My name is Margaret Penfold.
People often ask why I picked on the British Mandate of Palestine as the focus for my writing.
I was brought up in Palestine, the daughter of a British telecommunications engineer. During the Palestinian Arab Rebellion of 1936-1939 I watched my father strap on a revolver before leading night squads off to repair sabotaged telephone lines. When WW2 broke my father, in addition to his day job, became an undercover agent for Mediterranean East Intelligence Service based in Cairo, part of his duties being to monitor Arab and Jewish reactions to acts of terorism and sabotage. He occasionally took me with him as camouflage so in 1940, in the middle of a crowd of local residents on Mt Carmel I watched while police and army personnel struggled to rescue passengers from the capsized SS.Patria.
A few weeks later, my mother and I spent an anxious couple of months on Mt Carmel after my father disappeared from a train travelling between Yugoslavia and Turkey. He had been arrested by Bulgarian police on German orders and eventually turned up in Athens, having escaped from a Bulgarian rural prison.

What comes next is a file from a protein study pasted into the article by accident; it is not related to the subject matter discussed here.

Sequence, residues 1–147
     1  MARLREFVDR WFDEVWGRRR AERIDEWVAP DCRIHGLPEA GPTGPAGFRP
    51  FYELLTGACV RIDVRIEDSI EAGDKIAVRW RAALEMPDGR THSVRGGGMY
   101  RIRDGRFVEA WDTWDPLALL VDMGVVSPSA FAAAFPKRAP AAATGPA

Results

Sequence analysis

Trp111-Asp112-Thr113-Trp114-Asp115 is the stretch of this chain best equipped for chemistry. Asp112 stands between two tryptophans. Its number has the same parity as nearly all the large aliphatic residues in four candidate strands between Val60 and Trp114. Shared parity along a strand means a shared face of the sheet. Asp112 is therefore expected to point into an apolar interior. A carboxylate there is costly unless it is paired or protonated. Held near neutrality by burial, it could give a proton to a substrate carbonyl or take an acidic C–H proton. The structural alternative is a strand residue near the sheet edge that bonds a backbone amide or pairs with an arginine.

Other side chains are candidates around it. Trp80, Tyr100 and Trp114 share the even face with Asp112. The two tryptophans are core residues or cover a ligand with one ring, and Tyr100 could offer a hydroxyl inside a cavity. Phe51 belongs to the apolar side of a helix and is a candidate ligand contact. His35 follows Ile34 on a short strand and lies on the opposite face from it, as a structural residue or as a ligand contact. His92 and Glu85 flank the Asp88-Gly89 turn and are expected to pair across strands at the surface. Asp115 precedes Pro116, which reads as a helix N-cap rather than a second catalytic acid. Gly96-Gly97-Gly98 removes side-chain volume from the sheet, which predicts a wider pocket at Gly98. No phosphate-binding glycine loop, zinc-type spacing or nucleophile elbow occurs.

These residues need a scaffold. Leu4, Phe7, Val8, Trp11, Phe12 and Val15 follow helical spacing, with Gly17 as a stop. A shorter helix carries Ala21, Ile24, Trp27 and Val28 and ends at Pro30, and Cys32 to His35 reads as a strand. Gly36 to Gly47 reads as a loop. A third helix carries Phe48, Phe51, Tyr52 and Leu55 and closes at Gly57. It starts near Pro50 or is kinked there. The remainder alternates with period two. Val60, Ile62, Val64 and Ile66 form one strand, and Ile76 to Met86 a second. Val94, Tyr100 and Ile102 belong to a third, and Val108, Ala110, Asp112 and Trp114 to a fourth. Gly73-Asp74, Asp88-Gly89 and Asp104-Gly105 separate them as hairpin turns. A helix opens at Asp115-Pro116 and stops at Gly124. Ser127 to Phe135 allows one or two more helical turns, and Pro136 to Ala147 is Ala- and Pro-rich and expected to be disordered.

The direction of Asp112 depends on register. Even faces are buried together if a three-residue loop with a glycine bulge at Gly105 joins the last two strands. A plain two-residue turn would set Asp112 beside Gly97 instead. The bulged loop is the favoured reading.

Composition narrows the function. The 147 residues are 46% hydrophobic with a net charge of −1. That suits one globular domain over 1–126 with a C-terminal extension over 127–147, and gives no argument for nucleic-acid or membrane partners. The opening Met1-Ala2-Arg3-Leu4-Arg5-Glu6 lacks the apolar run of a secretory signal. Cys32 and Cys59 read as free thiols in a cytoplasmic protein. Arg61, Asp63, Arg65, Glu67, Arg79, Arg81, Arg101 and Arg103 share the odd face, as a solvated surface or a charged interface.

The following year while Rommel, already esconced in Egypt, appeared to be winning the Desert War, my father left me in charge of a fake army camp, set up on a beach between Haifa and Tel Aviv to deter German invaders. (This was because he had had to rush my seriously ill mother to hospital).
One horrible post-war day after I had been sent to school in England, I sat biting the back of my hand waiting for news of my father who had been at work in his office in the King David hotel when the Irgun blew it up.
These experiences left me with a lifelong interest in the British Mandate of Palestine. I have spent the past 25 years researching and improving my writing style so I can write novels that are entertaining as well as instructive.
When people ask which side of the middle east conflict I am on, I reply - it depends on which character I am writing about at the time.